Photography in its most purest form is all about creating memories -- Christmas is also about memories.
In addition, Christmas brings the promise of a New Year, a new beginning. Photography is about new beginnings, too.
I learned a long time ago that as a professional photographer you are only as good as your last image. Every day is a fresh start, a new chance to make a great image that might have a positive influence in someone's life.
Christmas is also about family and friends, and so is photography. What better way do we have to document the people who are important to us?
I urge each and every one of you to go out this holiday season and make great, honest images of the things and people you care about the most. It does not matter if you have the most expensive digital camera or a cell phone. Record the beauty of the season.
I remember, as a kid, my parents would always take a picture of the tree on Christmas morning with all of the presents underneath that Santa had left during the middle of the night. The camera of choice was a Kodak Instamatic and every now and then I run across one of these old photos. Of course we could not touch a present until the picture was made.
To make your own image of the family tree turn the flash off on your camera and turn on the tree lights. A flash will make the beautiful tree lights appear as if they were off and the tree will have a lifeless look.
The ISO setting on your camera makes the camera's pixels more sensitive to the available light. You will want to bump up the ISO on your camera to at least 800 to help capture the beautiful glow of the tree lights.
Make photos of your young kids tearing into presents left under the tree with wonder in their eyes. One tip that will help you catch great candid shots is to be ready -- anticipate the child's expression by having the camera trained on the subject and focused before he or she tears into the wrapping.
For these photos, you might want to turn the flash back on, as a slow shutter speed might create a blur in your images of the fast pace of the little ones tearing into the gifts.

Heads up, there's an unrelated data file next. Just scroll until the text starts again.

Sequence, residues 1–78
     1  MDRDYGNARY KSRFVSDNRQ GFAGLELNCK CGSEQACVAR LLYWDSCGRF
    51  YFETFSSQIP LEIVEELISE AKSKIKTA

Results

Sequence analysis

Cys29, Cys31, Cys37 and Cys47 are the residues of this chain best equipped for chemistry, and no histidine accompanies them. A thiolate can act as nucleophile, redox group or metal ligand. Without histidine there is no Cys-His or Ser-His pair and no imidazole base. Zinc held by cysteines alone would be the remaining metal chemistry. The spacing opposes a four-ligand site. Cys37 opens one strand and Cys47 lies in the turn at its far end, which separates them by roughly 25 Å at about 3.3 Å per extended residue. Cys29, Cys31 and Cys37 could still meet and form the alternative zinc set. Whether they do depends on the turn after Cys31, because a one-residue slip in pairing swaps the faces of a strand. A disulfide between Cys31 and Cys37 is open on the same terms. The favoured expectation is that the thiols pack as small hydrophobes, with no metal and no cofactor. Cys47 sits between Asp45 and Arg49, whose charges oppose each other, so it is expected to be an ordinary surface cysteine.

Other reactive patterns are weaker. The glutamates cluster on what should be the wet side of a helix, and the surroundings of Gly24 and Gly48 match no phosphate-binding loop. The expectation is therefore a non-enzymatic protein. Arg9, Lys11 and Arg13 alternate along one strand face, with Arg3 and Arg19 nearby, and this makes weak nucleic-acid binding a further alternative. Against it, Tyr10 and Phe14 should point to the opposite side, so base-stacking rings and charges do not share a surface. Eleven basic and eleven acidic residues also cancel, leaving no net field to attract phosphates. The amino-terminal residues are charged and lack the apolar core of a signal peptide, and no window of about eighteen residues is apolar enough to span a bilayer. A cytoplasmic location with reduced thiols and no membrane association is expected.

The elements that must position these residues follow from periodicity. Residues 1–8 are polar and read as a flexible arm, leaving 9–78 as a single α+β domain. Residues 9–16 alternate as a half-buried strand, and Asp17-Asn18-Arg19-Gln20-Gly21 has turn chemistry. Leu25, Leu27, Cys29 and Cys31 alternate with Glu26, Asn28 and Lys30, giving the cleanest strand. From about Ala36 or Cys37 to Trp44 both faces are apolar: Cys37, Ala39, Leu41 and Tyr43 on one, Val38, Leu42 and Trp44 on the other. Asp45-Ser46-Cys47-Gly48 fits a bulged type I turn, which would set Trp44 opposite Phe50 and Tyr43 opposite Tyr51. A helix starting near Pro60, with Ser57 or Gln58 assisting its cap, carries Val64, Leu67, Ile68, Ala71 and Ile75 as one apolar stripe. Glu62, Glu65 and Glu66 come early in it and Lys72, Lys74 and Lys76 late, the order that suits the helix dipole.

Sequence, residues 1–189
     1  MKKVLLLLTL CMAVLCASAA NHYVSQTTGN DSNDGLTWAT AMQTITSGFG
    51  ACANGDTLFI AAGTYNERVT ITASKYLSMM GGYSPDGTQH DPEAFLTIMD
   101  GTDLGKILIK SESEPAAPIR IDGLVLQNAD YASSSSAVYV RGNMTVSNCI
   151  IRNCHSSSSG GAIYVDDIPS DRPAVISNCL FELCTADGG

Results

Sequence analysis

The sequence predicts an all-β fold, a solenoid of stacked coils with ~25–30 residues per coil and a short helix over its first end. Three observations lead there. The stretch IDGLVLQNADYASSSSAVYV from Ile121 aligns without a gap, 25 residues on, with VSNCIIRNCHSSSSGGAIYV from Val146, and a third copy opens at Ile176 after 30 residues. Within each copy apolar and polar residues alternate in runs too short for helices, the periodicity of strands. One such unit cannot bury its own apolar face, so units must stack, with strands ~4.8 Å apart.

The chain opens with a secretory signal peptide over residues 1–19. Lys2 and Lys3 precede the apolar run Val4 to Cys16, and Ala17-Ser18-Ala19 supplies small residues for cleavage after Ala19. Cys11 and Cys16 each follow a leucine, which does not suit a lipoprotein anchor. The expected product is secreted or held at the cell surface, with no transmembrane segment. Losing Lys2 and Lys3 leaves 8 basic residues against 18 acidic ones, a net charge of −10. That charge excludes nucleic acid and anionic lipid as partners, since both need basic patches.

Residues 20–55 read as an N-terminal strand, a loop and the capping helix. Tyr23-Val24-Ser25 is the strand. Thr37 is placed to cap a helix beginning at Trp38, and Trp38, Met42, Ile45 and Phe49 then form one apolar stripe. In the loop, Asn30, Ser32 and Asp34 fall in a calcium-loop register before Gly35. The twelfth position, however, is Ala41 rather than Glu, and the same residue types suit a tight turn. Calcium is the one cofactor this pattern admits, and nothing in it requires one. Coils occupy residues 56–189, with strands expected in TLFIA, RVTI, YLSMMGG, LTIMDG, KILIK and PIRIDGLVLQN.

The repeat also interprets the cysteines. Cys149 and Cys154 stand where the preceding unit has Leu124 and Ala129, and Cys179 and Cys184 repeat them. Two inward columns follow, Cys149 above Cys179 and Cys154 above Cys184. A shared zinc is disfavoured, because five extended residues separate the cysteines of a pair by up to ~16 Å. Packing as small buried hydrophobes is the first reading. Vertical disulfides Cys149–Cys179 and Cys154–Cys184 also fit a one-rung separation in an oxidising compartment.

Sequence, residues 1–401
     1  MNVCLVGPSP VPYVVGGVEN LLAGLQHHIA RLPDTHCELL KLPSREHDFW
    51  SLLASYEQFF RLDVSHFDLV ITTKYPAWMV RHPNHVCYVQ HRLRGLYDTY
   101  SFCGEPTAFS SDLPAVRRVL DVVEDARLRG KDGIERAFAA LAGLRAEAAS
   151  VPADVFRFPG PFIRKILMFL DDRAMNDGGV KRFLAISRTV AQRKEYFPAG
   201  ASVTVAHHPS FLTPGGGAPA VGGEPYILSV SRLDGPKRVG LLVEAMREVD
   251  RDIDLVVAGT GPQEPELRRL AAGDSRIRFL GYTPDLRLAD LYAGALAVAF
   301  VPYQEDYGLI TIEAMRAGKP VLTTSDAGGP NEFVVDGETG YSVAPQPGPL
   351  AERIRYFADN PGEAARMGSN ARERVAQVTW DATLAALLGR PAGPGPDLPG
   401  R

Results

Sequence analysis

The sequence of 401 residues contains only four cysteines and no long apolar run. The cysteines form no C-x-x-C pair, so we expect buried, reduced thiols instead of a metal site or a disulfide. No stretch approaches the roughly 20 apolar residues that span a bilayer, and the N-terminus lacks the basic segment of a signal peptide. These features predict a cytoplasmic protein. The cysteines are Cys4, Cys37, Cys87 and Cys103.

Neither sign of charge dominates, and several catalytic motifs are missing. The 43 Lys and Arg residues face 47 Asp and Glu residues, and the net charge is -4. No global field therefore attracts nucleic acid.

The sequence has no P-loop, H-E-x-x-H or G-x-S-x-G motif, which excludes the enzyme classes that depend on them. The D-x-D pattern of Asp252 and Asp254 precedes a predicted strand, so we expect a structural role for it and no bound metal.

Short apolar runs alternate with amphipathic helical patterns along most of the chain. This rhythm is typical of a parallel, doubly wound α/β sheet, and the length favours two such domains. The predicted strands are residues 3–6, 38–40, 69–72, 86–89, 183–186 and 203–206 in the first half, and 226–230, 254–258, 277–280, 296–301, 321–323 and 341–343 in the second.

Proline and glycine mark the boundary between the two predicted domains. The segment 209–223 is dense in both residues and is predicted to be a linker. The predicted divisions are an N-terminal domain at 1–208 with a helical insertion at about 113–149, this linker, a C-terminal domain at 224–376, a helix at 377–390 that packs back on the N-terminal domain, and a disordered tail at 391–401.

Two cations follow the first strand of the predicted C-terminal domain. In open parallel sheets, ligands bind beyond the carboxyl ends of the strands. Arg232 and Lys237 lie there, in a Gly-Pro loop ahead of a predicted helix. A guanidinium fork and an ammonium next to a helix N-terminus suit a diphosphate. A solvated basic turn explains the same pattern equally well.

Take a nighttime walk around the block and photograph the beautiful Christmas lights on the houses.
Here are a few tips to help make great nighttime shots. Turn off your flash and put your camera on manual exposure, and use a fast ISO -- I suggest ISO 800. To avoid camera shakes, use a tripod because you will need to use a low shutter speed of at least one second with a wide-open aperture. Also, if it has been raining, you can get some great reflections of the lights in the water.
Other great family photo opportunities abound during the holidays. A photo of your child riding that shiny new bike for the first time might make for some unique shots. The family cooking the holiday dinner together is another. The kids decked out in their new Christmas clothes.
And don't forget about a family portrait. There might be family members who don't make it to town often, so the holidays are a perfect time to get them together for a professional portrait. You can check out my website, www.jaysousa photography.com, for some family portrait ideas.
And for all of the kids, both young and old, that will be unwrapping a new, state-of-the-art digital camera with all of the bells and whistles, congratulations! You have just started a lifelong hobby that will bring you many hours of happiness because creating lifelong memories is the best gift ever.
If you need some help figuring out all of those bells and whistles on the new camera, you can visit my website and go to photography classes.
I just want to close by wishing everyone a great holiday season and thank you for reading my column.
Jay Sousa, a former Sun-Star photographer, has his own photography business in Merced, conducts private classes and teaches photography at Merced College.